Typing Faster

October 26, 2009

Research In Mad Men

Filed under: Craft, Mad Men — petertypingfaster @ 12:20 pm

Here’s a great article from the New York Times about the the research process in Mad Men.

THE IDEA “I wanted Betty to get involved in civic matters,” said Matthew Weiner, the creator of “Mad Men.” “That’s what happens after you have a child. When you have a huge group of educated women who are not working, you get things done.” He said that notion was inspired by the short story “An Educated American Woman,” by John Cheever, himself a resident of Ossining. (The Drapers’ address, Bullet Park Road, is also a Cheever homage, to the novel “Bullet Park”; there is no such road.) All Mr. Weiner needed was a cause for Betty, at right above, to get behind in 1963. “My research department discovered that,” he said. “I gave them a very specific task.”

THE SEARCH Brett Johnson, 27, a script coordinator, is the show’s unofficial head researcher, spending hours reading old newspapers to meet the writers’ narrative needs. “We got all the microfiche of all The Ossining Citizen Registers from 1963 and literally read for 50 hours at the public library,” he said. “The task was find something that Betty would need the help of the governor’s office. But not something so big.” Mr. Johnson dismissed a controversy involving Sing-Sing, the prison, deciding that would not interest Betty. A local dust-up over the construction of some sort of plant near a scenic bridge was considered, but its outcome could not be determined in the papers. Then he struck civic gold. “There was a reservoir,” Mr. Johnson said. “The water was decided to not be clean in, like, 1962. They were going to replace the whole thing with this water tank.” He has never set foot in Ossining, but he has looked at the tank via Google maps. And he had a little help on location.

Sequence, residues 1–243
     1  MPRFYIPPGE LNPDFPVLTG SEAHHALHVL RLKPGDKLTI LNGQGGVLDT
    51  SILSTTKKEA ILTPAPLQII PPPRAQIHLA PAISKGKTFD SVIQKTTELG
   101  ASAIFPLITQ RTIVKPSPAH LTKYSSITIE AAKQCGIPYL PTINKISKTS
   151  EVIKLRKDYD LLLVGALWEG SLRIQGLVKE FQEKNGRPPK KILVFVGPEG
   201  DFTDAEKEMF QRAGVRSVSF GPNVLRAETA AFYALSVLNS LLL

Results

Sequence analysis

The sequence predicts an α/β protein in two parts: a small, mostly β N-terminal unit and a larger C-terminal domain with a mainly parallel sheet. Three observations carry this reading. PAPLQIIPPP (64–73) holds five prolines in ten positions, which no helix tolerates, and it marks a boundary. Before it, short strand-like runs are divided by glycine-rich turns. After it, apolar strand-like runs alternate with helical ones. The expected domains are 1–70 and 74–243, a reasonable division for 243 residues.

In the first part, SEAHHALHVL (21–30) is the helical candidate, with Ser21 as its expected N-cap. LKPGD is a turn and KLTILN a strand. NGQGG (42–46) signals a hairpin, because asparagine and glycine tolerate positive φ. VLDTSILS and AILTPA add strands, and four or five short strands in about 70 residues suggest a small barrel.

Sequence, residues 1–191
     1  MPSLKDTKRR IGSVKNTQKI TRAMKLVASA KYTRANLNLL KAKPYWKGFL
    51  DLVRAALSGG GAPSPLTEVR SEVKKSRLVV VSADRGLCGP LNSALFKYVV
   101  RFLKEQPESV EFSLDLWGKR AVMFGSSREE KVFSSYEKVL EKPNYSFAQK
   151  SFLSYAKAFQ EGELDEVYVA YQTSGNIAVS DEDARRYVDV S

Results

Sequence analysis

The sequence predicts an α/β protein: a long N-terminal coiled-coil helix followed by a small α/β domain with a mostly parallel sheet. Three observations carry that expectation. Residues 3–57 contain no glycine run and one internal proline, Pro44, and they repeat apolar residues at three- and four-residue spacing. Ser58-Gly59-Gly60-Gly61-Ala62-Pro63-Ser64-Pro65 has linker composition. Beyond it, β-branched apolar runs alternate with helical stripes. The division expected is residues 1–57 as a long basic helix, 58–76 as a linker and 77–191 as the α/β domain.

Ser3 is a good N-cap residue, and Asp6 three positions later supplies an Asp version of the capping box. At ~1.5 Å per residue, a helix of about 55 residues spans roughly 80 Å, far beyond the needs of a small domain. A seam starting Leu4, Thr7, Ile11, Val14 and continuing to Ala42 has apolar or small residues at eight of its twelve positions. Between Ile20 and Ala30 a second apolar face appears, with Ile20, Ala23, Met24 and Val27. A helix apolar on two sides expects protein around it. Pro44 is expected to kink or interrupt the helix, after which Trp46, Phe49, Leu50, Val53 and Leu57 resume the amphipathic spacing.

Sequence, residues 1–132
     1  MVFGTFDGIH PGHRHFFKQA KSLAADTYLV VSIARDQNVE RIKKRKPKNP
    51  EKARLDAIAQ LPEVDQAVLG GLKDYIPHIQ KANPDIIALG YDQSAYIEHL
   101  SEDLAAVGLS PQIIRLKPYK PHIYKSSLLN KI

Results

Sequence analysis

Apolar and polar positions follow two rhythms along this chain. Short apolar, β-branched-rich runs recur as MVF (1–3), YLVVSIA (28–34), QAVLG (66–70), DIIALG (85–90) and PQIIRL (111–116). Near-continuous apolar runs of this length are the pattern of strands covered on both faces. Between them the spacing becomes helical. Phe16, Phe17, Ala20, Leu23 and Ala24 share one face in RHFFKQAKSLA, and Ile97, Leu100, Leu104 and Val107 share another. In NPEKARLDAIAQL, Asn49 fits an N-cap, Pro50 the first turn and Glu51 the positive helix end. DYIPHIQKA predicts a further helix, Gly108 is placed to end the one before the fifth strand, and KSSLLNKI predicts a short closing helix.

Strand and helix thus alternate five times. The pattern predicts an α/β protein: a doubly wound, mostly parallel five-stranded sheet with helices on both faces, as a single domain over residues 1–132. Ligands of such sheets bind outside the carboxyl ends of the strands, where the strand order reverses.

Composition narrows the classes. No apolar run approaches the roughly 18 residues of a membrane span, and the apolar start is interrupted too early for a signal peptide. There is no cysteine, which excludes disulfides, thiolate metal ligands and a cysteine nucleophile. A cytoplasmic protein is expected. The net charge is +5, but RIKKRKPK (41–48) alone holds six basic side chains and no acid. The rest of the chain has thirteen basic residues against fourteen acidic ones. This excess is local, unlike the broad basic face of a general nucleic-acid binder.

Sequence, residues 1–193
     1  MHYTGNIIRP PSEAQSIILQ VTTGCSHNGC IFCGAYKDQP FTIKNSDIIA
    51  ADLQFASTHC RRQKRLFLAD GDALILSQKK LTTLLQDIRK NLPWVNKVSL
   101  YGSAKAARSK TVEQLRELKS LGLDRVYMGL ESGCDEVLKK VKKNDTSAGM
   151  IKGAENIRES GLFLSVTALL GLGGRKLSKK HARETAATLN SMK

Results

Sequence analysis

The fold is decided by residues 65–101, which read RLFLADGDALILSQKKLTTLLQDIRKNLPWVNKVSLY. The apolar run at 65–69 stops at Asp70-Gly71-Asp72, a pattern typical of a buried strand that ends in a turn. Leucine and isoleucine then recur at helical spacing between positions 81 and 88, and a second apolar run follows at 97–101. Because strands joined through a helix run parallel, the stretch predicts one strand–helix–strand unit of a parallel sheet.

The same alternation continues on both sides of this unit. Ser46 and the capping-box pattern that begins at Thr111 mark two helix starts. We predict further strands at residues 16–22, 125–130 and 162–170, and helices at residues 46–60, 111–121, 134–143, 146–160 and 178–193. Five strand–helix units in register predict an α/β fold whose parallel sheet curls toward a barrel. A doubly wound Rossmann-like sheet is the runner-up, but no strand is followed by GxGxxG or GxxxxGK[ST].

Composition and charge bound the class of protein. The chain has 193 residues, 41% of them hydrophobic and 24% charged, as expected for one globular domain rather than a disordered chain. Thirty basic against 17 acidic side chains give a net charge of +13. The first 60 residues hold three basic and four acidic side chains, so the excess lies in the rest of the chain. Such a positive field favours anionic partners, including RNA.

THE LOCAL Norman McDonald, 75, president of the Ossining Historical Society, has become a de facto (and unpaid) props and locations consultant for the show. “They call with the darnedest questions,” he said. “They wanted to know the background color of the street signs in 1963. I told them it was black, and I couldn’t sleep that night because I thought it might have been green. Then I started asking around, and no one knew. That’s the type of question.” Starting with his own vague recollection of the reservoir issue, Mr. McDonald fleshed out Mr. Johnson’s reporting. He also shared his recollections on the layout and appearance of the city’s meeting room, down to the nameplates for the commissioners. Mr. McDonald said he has never watched “Mad Men,” but he did stay up for the Emmy awards, rooting for the show.

There’s a bit more detail in the rest of the article. Definitely a cool way to work!


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